The Federal Trade Commission to investigate whether Herbalife (HLF) is a pyramid scheme. All Nicole Lopez wanted was a crack at the American dream and a chance to work at home closer to her kids. Instead, she got a nightmare, losing thousands of dollars after trying to sell Herbalife, which makes weight-loss shakes and nutritional supplements.
Earlier Tuesday, the National Consumers League released a letter urging the FTC to take action because the allegations against Herbalife could impact consumers. The group said it had met separately with representatives from Herbalife, Pershing Square and the Direct Selling Association, and concluded that an investigation is the best answer to determine whether Herbalife is a legitimate business or whether it operates a pyramid scheme.
Ackman alleged in December that Herbalife was a pyramid scheme and made a bet the stock would fall, arguing that the company makes most of its money by recruiting new salespeople rather than on the products they sell. Herbalife disputes that.
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Unwilling to recruit other people to sell Herbalife, which is how most Herbalife reps make money, she quit after 11 months and lost the $10,000 she invested.
On Wednesday, Herbalife said in a statement “We regret that the National Consumers League has permitted itself to be the mechanism by which Pershing Square continues its attack on Herbalife.”
“We are pleased that the National Consumers League, the nation’s oldest and one of the most respected consumer protection organizations, has requested that the FTC launch an investigation of Herbalife,” Ackman released in a statement.
“We believe that a thorough investigation of Herbalife will reveal it to be a pyramid scheme that has harmed millions of consumers in more than 80 countries around the world.”
After a 10-month investigation into so-called multi-level marketing, CNBC found dozens of people with similar stories. Multi-level marketers sell products through a network of distributors, many of whom work at home and get paid by selling products, as well as recruiting other distributors.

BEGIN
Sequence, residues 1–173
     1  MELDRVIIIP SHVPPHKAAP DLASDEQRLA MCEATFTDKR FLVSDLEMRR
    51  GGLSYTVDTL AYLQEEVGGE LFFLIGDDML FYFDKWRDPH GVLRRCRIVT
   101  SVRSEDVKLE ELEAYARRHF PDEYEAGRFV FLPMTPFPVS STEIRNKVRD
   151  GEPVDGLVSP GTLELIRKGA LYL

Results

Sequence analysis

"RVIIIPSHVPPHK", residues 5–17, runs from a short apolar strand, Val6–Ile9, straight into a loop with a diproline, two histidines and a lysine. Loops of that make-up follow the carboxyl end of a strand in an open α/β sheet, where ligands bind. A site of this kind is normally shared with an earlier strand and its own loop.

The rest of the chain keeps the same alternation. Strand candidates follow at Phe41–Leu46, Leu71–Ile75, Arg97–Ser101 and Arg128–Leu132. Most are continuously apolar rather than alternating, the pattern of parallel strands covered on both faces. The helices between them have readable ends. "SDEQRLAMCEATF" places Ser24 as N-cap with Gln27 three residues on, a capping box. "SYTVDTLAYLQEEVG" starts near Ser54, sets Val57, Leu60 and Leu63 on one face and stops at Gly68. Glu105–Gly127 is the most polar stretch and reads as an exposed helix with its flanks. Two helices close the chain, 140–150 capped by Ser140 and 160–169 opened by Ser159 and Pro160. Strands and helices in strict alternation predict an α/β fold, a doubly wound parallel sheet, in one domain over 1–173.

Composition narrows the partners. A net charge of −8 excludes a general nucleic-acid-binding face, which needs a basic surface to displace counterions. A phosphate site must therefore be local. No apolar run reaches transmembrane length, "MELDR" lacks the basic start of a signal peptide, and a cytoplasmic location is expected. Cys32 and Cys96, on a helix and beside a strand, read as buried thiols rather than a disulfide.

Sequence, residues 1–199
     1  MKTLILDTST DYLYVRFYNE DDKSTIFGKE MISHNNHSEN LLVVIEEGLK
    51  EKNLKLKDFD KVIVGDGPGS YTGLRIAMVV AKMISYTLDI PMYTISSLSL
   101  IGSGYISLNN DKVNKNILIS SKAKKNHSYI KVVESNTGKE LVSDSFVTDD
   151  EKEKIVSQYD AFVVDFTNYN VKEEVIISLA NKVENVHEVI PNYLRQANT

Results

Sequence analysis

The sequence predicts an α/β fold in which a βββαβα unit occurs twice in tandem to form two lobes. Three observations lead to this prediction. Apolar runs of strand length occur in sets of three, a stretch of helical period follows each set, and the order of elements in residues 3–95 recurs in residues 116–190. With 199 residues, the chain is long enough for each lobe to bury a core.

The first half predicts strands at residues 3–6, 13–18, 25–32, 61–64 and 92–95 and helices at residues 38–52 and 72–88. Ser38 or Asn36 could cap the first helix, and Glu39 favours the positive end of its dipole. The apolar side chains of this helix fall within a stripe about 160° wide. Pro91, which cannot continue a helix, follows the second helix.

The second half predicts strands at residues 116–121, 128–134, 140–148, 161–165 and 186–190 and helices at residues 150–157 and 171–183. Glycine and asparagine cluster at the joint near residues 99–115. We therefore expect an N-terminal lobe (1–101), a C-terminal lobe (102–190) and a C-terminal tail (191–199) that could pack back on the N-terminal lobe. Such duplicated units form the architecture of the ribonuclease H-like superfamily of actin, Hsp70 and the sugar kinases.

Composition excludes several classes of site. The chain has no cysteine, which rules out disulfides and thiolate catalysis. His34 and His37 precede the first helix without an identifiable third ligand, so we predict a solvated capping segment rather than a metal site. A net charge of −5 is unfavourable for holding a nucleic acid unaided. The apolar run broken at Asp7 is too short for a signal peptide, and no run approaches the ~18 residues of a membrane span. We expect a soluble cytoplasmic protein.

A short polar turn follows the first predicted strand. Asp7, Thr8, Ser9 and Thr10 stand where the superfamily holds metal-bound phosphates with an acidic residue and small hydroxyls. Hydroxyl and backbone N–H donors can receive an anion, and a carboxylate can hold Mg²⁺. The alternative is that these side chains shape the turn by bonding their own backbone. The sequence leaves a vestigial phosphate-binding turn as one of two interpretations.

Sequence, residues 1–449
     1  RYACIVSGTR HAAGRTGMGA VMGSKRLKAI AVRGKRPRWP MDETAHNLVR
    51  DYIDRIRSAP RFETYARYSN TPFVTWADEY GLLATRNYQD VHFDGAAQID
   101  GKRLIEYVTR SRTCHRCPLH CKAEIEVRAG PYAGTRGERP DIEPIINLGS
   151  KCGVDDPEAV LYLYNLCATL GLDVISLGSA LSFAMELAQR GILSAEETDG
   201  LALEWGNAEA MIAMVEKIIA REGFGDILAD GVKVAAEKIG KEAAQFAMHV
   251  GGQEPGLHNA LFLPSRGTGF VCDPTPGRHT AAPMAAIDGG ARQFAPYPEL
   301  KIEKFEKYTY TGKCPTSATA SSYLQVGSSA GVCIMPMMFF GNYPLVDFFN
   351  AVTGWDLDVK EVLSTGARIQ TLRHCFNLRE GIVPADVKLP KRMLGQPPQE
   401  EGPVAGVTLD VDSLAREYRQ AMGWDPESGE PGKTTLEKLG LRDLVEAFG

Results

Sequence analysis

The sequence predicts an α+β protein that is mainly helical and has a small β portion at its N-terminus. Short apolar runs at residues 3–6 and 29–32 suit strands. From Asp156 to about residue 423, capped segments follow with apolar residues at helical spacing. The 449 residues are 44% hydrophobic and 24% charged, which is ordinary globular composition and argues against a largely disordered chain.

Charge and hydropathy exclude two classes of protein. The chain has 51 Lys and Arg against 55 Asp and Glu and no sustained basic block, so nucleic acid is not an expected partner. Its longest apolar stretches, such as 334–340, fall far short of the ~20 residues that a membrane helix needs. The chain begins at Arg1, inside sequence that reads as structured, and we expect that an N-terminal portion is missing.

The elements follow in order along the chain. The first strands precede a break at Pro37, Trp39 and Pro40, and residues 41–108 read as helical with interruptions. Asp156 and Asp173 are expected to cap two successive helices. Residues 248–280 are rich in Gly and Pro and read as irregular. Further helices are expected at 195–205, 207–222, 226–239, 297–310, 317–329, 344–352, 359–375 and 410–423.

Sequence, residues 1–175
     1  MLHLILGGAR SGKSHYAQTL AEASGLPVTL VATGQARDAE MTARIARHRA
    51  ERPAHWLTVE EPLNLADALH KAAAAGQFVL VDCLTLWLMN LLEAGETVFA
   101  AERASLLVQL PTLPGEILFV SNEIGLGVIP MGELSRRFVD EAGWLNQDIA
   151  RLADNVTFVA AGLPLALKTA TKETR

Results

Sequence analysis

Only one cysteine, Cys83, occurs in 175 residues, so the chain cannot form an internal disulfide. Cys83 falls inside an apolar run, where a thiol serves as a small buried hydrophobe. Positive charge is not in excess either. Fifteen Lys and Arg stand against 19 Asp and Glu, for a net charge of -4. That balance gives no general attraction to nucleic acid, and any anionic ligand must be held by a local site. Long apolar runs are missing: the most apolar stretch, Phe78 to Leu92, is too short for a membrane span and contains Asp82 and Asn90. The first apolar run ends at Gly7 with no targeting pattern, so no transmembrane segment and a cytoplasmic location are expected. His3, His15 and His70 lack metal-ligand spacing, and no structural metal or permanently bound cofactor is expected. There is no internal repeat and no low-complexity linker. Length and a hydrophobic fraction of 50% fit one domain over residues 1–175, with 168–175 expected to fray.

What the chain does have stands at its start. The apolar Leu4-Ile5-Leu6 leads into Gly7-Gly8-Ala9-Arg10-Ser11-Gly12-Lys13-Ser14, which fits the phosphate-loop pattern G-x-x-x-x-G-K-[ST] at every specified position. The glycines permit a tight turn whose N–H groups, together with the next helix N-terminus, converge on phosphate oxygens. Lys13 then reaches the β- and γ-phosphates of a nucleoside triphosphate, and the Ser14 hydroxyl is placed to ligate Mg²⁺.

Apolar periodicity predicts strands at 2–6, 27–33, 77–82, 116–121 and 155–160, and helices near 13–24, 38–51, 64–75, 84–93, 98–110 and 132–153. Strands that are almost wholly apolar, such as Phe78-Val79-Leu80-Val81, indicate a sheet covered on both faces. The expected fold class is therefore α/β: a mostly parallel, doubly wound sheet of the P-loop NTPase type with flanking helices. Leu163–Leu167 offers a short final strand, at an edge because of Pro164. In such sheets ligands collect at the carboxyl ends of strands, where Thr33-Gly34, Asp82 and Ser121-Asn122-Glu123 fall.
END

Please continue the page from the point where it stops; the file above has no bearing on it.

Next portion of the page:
Herbalife maintains that it is a financially strong company that has created meaningful value for shareholders.
Last month Herbalife Ltd. denied a media report that it was the target of a law enforcement investigation. At that time the FTC would not confirm or deny whether any government agency was investigating Herbalife.
“Allegations that Herbalife’s business model is a pyramid scheme are serious charges with serious consequences for consumers and those who are recruited to sell Herbalife’s products,” said Sally Greenberg, executive director at the National Consumers League. “The FTC is the federal agency with the right mandate and expertise to explore these allegations.”
Many of the people interviewed discovered that selling the products was harder than they thought. After hitting up family and friends to buy products, sellers often resorted to spending hundreds and even thousands of dollars buying sales leads, which sometimes led nowhere. The real money, they found, is in recruiting others to sell the product, creating what’s known as a “down-line” of distributors. The more distributors they recruit, the more money they are likely to make, based in part on a combination of bonuses and commissions.
The debate has garnered the attention of Wall Street, with hedge fund titans now battling over Herbalife’s stock.
Herbalife shares finished Tuesday down 2.1% at $40.38. Another investor, Dan Loeb of Third Point LLC, has disclosed an 8.2 percent stake in Herbalife, a vote of confidence in the company.
Shares of Herbalife fell 23 cents to $40.15 in premarket trading Wednesday. Its shares have traded in a 52-week range between $24.24 and $73.
CNBC heard claims of thousands of dollars a month — even $10,000, $20,000 and $65,000. One featured speaker, Olga Valencia, a successful distributor, recalled how “my first car was a Mercedes that I bought with Herbalife.”
Herbalife strongly rejects criticism that the company is a pyramid scheme.